Straight to the question, if I have this following numerical scores notation :

4/4, Do=C

enter image description here

How to draw it into staff musical notation (If you have better way to say this musical notation type, please tell me)? Especially the red-circled part.

Thank you. Please clarify anything if it's needed.

P.S. Please explain as simple as you can, since I'm a beginner in musical world. Also, sorry if the title is not accurate enough, since it's quite hard for me to entitle my problem. Thanks.

EDIT : There should be "3" on top of the line on 1 2 3.

  • 3
    I've never seen the numerical scores notation you're using. Can you please explain it or post a link that explains it m
    – Kevin
    May 16, 2014 at 18:35
  • 1
    "numerical musical scores" google search yields: en.wikipedia.org/wiki/Numbered_musical_notation
    – Dave
    May 16, 2014 at 22:23
  • check the section on tuples -- it confirms your and Bob's answer.
    – Dave
    May 17, 2014 at 3:14
  • @Kevin edited just now. it should have "---3---" on top of them May 17, 2014 at 9:08

3 Answers 3


This to me looks like eighth note triplets. The idea would be to play 3 eight notes where two should be. To notate this you would beam the three notes together and put a 3 over them to signify it is a triplet.

Presuming the numbers in your score are scale degrees, it would look something like this:

enter image description here

If you were counting this you would count:

1 - trip - let - 2 - 3 - 4

This signifies where each note goes in relation to each other.

  • (Not to doubt your answer at all) Why it's become 1/8? Isn't it should be 1/12 each? (1/4 divided with 3)? (I know that there's no twelve-th note) May 16, 2014 at 17:15
  • @MosesAprico Music only notation for certain durations i.e. 1(whole note), 1/2, 1/4, 1/8, 1/16, 1/32, ect. To get other durations modifiers must be used. In this case the triplet says to play 3 where we normal play 2 so you are right in saying each triplet is worth 1/12, but this is how we express it musically.
    – Dom
    May 16, 2014 at 17:19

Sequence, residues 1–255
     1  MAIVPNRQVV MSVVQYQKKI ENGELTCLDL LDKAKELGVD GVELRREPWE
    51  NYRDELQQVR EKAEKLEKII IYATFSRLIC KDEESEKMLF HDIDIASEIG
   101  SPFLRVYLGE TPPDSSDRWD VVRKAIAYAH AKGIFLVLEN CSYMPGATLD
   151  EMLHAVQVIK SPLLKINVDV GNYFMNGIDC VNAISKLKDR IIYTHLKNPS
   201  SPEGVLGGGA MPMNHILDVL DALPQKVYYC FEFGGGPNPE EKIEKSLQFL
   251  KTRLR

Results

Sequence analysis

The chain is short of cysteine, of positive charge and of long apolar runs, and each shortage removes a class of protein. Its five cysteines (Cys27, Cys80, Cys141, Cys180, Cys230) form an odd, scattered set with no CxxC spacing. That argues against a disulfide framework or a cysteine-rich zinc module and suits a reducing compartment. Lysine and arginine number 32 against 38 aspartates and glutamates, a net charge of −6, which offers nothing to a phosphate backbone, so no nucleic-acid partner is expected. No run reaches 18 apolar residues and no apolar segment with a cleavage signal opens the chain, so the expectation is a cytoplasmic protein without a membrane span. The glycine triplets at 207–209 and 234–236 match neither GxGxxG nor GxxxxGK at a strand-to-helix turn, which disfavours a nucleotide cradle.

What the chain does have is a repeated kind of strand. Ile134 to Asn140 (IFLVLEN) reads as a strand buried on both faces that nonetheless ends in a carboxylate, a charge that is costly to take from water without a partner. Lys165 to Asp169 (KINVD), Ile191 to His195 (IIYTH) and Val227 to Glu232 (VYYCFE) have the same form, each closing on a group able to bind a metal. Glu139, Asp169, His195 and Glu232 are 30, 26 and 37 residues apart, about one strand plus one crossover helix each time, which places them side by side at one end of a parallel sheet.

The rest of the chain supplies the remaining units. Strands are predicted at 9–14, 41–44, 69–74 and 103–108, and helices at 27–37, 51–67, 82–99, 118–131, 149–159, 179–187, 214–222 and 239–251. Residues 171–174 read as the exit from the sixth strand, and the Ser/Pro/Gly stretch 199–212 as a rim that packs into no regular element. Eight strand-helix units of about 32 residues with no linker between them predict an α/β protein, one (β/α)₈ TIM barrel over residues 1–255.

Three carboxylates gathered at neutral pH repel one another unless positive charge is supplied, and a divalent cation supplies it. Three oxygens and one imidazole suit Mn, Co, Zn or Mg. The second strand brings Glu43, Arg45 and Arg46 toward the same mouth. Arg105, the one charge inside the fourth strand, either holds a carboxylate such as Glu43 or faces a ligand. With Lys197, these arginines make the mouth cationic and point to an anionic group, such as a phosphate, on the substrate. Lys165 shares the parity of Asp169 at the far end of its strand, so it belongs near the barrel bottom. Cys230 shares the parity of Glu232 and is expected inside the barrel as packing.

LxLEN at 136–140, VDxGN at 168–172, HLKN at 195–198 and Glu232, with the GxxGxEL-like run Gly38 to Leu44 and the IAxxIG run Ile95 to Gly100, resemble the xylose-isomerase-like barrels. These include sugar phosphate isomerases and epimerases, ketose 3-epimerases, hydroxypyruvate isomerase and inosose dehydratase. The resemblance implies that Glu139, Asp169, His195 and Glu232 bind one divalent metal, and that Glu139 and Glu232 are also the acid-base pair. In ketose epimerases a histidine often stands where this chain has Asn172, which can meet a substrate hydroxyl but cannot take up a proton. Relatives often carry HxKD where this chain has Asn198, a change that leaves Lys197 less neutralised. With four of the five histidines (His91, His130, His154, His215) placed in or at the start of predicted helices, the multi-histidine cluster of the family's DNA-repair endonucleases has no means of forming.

• Rather than thinking that one flag means 1/8th note, think of it as 1 subdivision (then each flag is one more subdivision, etc.). Then, with the three on top, it is one subdivision that breaks a "beat" into 3 equal parts, not 2 equal parts. You wouldn't have one for 4 because that's two standard subdivisions, but you'll see it again with two flags and the numbers 5 and 6. All that means is "these 3/5/6/whatever notes fit into 1 beat."
    – psosuna
    Apr 17, 2018 at 19:05

What you have looks like 8th note triplets to me as well, since that's what makes it come out right in 4/4 time. However, correct numerical notation (as far as I can see with a bit of research) should have a 3 over the top of the bar. As you have it it is incorrectly notated.

This is a great summary of musical notation. It's appropriate for a beginner who is willing to put some effort into understanding it, and to ask questions on forums like these when he gets stuck. (Hint, hint...) Look at the section on tuplets for more information about how to notate this sort of thing.


enter image description here

Pardon the terrible handwriting, but this is how I believe your score came notated? Depending on the exact instrument, the notation can differ. This is because JianPu is relative in pitch - i.e. a "1" in C major would be a C, but depending on the instrument, it can be a C4 (if it's a "1" on a Alto Sheng) or a C3 (if it's on a Tenor Sheng. Rhythm-wise, Dom is absoultely right, though - if, that is, that there is indeed a missing beam under the "123".

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